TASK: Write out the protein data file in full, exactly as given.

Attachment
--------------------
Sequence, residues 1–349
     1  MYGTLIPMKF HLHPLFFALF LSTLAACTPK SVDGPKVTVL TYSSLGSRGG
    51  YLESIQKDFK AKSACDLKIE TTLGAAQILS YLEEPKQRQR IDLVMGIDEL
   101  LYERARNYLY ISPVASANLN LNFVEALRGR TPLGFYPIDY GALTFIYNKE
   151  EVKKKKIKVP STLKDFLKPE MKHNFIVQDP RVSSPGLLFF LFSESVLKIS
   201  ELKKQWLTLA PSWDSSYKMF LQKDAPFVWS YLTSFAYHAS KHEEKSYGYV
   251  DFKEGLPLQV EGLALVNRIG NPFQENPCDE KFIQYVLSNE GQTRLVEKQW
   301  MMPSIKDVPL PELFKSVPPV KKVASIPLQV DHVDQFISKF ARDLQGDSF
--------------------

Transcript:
Sequence, residues 1–349
     1  MYGTLIPMKF HLHPLFFALF LSTLAACTPK SVDGPKVTVL TYSSLGSRGG
    51  YLESIQKDFK AKSACDLKIE TTLGAAQILS YLEEPKQRQR IDLVMGIDEL
   101  LYERARNYLY ISPVASANLN LNFVEALRGR TPLGFYPIDY GALTFIYNKE
   151  EVKKKKIKVP STLKDFLKPE MKHNFIVQDP RVSSPGLLFF LFSESVLKIS
   201  ELKKQWLTLA PSWDSSYKMF LQKDAPFVWS YLTSFAYHAS KHEEKSYGYV
   251  DFKEGLPLQV EGLALVNRIG NPFQENPCDE KFIQYVLSNE GQTRLVEKQW
   301  MMPSIKDVPL PELFKSVPPV KKVASIPLQV DHVDQFISKF ARDLQGDSF